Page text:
Hugh Masekela and Vusi Mahlasela headlined the first concert in Carnegie Hall’s series “Ubuntu: Music and Arts of South Africa” Friday night, Oct. 10, at Stern Auditorium at Carnegie Hall. The concert was entitled “Twenty Years of Freedom” and was a celebration and commemoration of 20 years of constitutional democratic government following the downfall of the apartheid regime in 1994.
Also sitting in for part of the night were South African singer songwriter Dave Matthews and Somi, a singer songwriter born in Illinois of immigrants from Rwanda and Uganda.
The Ubuntu festival was produced by the Carnegie Corp. and others with support from South African Tourism and South African Airways, which were well represented in attendance among the community of friends of South Africa that gathered for the performance and the commemoration.
The Ubuntu festival will also incorporate other arts events at venues throughout the city.
The opening concert was dedicated to the triumph over apartheid, colonialism and racial discrimination and the overarching theme of Ubuntu. Ubuntu is a southern African philosophy of community and roughly translates to “I am because you are.”
The Musical History of Struggle
Putting aside the songs from Masekela’s recording career dating back to his 1962 debut album “Trumpet Africaine” and through nearly 50 more albums he has released since, he and Mahlasela dedicated the evening to a historical review of South African popular music during the apartheid era in South Africa.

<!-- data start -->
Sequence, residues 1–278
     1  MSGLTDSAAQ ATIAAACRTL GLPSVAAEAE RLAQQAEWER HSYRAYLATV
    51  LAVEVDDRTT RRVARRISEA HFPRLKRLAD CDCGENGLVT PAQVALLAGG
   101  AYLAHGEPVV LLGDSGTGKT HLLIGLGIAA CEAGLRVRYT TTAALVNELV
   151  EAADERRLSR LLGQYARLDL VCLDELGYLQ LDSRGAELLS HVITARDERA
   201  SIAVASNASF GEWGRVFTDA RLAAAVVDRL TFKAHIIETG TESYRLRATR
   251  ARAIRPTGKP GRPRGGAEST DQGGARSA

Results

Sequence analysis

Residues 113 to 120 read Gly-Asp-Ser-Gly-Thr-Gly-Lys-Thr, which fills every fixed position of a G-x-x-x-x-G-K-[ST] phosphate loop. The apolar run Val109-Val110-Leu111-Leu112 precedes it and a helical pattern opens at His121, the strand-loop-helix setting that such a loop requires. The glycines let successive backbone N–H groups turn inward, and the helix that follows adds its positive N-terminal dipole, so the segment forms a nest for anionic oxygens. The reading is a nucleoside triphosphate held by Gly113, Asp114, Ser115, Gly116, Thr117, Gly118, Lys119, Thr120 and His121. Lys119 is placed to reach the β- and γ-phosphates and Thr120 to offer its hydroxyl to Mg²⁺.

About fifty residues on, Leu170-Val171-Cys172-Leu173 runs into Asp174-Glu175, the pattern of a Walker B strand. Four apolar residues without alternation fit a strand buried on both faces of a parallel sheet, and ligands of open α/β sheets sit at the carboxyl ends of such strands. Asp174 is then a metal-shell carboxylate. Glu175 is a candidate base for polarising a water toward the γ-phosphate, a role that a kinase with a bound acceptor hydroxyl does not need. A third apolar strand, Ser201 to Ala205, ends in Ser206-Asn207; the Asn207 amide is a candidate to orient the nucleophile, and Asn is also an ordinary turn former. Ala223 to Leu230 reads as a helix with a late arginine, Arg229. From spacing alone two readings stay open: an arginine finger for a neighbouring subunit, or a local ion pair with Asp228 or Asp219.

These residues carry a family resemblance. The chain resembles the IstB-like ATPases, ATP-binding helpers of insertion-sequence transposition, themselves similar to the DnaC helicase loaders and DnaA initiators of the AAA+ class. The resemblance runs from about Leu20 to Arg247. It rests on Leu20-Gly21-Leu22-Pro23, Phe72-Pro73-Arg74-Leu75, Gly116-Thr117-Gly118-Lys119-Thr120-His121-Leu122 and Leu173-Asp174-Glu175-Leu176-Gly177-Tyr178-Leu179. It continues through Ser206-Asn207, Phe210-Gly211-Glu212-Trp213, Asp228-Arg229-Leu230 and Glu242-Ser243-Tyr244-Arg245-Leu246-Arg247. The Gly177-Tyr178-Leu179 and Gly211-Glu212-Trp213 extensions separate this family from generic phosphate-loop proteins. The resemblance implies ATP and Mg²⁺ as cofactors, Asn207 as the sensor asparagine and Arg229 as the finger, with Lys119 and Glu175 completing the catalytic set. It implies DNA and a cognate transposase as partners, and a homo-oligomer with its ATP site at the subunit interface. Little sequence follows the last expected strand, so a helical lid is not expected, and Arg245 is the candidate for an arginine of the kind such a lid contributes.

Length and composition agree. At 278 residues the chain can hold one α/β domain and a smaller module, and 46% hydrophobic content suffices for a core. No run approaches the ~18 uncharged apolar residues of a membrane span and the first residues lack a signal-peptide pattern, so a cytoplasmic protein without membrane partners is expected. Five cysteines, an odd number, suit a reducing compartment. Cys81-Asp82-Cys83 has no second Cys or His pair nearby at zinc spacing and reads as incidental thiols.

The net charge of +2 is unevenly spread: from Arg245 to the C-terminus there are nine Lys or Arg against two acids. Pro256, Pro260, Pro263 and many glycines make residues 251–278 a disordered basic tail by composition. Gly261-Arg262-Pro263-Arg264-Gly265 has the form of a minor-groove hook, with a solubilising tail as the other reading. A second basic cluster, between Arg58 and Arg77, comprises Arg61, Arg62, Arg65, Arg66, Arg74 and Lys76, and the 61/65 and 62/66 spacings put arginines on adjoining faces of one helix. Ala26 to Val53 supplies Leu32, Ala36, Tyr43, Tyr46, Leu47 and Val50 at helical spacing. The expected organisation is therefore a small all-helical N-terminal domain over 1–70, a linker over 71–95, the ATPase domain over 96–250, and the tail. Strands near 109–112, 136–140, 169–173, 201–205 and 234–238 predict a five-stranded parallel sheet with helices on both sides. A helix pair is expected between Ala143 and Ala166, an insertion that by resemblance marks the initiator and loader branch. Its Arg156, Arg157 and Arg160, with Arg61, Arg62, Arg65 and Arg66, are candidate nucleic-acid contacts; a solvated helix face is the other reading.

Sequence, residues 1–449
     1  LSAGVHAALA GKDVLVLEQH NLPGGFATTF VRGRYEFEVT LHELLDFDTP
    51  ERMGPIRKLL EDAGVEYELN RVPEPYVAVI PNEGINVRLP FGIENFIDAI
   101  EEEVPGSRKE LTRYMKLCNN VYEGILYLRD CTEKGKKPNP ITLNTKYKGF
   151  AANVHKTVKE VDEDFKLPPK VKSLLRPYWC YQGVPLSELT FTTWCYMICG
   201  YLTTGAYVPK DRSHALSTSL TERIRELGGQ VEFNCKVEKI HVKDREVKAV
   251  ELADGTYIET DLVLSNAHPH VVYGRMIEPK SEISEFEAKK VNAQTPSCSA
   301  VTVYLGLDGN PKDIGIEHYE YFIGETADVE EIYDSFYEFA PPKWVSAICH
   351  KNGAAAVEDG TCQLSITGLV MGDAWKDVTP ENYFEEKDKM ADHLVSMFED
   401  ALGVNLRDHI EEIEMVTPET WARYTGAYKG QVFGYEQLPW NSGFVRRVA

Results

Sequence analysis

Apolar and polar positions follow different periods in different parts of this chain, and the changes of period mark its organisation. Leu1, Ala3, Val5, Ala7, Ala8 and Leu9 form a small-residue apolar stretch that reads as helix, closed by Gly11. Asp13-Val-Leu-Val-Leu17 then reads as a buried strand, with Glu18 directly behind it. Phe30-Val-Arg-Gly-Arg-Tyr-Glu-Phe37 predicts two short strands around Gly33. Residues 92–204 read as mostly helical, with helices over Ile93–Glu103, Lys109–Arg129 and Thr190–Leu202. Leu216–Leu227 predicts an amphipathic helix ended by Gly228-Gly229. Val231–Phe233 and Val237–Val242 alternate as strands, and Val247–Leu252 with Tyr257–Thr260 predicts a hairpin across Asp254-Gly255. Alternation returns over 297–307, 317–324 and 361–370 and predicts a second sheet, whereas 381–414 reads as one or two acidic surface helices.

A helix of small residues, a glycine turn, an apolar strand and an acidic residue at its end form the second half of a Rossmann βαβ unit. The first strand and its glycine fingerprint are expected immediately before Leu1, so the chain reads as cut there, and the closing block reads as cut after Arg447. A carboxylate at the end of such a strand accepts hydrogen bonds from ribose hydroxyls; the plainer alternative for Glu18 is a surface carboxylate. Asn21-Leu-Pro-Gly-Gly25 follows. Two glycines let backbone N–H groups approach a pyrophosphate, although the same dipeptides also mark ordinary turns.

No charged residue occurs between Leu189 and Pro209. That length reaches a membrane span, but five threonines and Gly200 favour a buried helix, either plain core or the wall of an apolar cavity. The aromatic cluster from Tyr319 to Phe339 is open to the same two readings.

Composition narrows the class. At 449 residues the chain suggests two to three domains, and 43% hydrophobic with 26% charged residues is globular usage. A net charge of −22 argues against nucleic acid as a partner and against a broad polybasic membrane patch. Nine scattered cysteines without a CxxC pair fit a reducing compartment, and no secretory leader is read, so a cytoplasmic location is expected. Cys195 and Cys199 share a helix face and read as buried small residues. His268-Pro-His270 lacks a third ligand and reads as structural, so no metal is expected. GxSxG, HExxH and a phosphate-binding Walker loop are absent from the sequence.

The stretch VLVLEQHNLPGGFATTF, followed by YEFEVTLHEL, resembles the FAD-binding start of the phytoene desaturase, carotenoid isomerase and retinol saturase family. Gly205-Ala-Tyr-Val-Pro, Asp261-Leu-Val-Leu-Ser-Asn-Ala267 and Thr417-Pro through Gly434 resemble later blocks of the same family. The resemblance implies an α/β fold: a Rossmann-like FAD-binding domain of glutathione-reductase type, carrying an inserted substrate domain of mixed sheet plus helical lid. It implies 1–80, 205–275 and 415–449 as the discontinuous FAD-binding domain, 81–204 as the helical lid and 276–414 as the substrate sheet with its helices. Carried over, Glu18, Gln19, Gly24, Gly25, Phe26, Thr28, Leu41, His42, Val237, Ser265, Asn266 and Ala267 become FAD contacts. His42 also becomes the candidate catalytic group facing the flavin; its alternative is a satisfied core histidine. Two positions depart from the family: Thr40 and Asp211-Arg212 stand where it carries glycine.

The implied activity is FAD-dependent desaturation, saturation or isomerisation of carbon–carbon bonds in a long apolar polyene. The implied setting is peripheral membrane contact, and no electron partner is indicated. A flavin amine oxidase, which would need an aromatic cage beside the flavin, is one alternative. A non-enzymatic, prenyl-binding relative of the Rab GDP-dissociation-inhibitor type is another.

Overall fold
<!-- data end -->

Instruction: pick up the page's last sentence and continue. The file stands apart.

It began with “Meadowlands,” a gentle swing song dating back to 1956 in protest of the apartheid government’s razing of the thriving black cultural center of Sophiatown and forcibly relocating its residents to a newly developed suburb in the township of Soweto.
Masekela provided a narrative of South African history and the struggle for freedom of the native peoples since the first European incursion with the Dutch colony at Cape Town in 1652.
“For 350 years of struggle our people were never intimidated by the system,” Masekela told the audience. “We lived our lives trying to defeat the system.” In 1994 the defeat was finally achieved with the fall of the apartheid regime and the adoption of a new constitution that recognized voting rights for all South Africans.
As one of the most music-driven cultures to ever emerge on the planet, South Africa not only commemorated its history in song, it drove its revolution with song, and Masekela and Mahlasela retraced an outline of the history of the resistance to apartheid through some of the most memorable songs of the period, including Masekela’s “Bring Back Nelson Mandela” and “Stimela”, Mahlasela’s “When You Come Back”, and Johnny Klegg’s “Asimbonanga”.
Somi sat in on a performance of “Pata Pata”, a song made popular by South African singer and once wife of Masekela, Miriam Makeba, and the Swahili song “Malaika,” also recorded by Makeba.
Dave Matthews sang one of his songs and joined in on some of the others, including “Asimbonanga”. He came back to the stage for an encore singing “Sugar Man”, the song by Detroit singer-songwriter Rodriguez, which was a big hit in South Africa while remaining unknown elsewhere in the world, including the U.S., as shown in the film Searching for Sugar Man.
Carnegie’s Ubuntu festival will continue through Nov. 5 and will include performances by Ladysmith Black Mambazo, with Paul Simon sitting in, and a tribute to Miriam Makeba by Angelique Kidjo.
Photograph by David Cogswell